fun, Pakistan, spiritual

Pakistani ghost story

800px-Basement_of_Lawang_Sewu_2011 This blog has become too serious. How about an authentic little ghost story?

One of my cherished memories from Pakistan is the scary story-tellings at night. “Jinnon ki kahaniyan.” Friends, relatives, family, – we’d be sitting together and chilling out, and suddenly someone would start telling a scary story. That would remind the other person of another scary story, and they just kept pouring out. Eventually, everyone was so terrified out of their wits that they didn’t even want to go pee by themselves. And each of these scary stories bore the mark of undeniable authenticity because ‘my uncle’ or ‘my mother-in-law’ or ‘my Qur’an teacher’ told me.

My mother reassured me that jinns lived in remote, desolate areas. And then she reminisced about the jinn who pestered her father, my maternal grandfather, a hakim (a doctor of Unani medicine). This jinn was mischievous, and had a tendency to pour out big sacks of cardamom and clove in long, neat lines. But that’s another story.

We were always being warned not to wear perfume at night or the jinns “stick to you” or fall in love with you. “When I grew up,” my Urdu teacher Mrs. Wasti said with a chuckle, “I discovered who those jinns were.” Also, don’t walk under a tree with your hair loose at night: jinns will definitely attach themselves to you. Years later, I met a Bosnian woman in London: her son’s eye was damaged by jinns, she claimed, because he urinated under a tree where this jinn happened to reside.
There was the tale of the maulvi saheb who used to teach in a madrassah. and one day, he asked his student to bring him a glass of water — and the student stretched out his hand — aaaaaaaaall the waaaay to the kitchen. So it turns out he was a jinn.
Abbu told us a story like that once. But this was not a jinn story. It was a ghost story.

Abbu was the eldest boy of his brothers and sisters. His father was a high-ranking civil servant, a gold medallist in Engineering in the days when Muslim boys did not get gold medals very often. He was a lover of literature and culture.

Then, suddenly, my grandfather took a second wife. She was a beautiful and smart woman. From my dad’s stories, I gathered that the elder wife (my grandmother) died soon after that.

My father still hates polygamy. It’s not that he’s a feminist or anything like that. Not by a long shot. He just hated the way his mother ached when another woman came along and took her place. He doesn’t want to see another woman hurt like that.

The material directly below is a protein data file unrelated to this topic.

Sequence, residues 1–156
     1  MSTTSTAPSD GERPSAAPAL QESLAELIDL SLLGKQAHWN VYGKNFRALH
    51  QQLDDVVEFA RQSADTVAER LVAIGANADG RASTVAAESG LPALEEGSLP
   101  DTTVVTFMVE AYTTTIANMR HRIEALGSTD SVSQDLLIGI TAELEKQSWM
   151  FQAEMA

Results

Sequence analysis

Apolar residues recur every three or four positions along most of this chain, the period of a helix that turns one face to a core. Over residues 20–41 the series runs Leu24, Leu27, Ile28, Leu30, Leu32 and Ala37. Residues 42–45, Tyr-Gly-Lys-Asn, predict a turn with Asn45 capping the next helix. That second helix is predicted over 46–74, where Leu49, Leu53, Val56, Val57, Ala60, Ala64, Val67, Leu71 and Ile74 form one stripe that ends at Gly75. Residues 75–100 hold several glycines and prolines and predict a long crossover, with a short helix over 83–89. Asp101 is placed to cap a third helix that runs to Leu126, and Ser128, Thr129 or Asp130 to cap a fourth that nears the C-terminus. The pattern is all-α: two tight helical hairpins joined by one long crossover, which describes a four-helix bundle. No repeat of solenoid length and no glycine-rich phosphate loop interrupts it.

His mother died. It was probably a home abortion gone terribly wrong, because she did not want to bear any more children for her bigamist husband.

Later, one thing led to another, and abbu ended up in a domestic quarrel, and his father told him to get out of the house.

Abbu loved his father. He adores him to this day. I think some people who never quite attain to their parents – because of soured relations – always love them like children, and cannot transcend that aspiration. They struggle through their parents’ injustices, still trying, like children, to make mummy or daddy love them best.

So abbu left the big house in Mayo Gardens where my grandfather’s large family lived. He spent some nights in the park called Lawrence Garden (or Bagh-e-Jinnah, as it was renamed). “There were snakes this long in Lawrence Gardens in those days,” he’d brag. I don’t know how he eventually got off the streets and back in business, but I know there are sad tales of abandonment in there.

Abbu put himself through medical school. Every summer, Pakistani students go on vacation because the summer is just too hot to do anything. And this was before the days of air-conditioning. So every summer, when abbu could not stay at the Nishtar Medical College hostel anymore, he left to seek shelter. He’d try to crash at a relation’s house, or a friend’s. Sometimes people were kind; other times, they were not.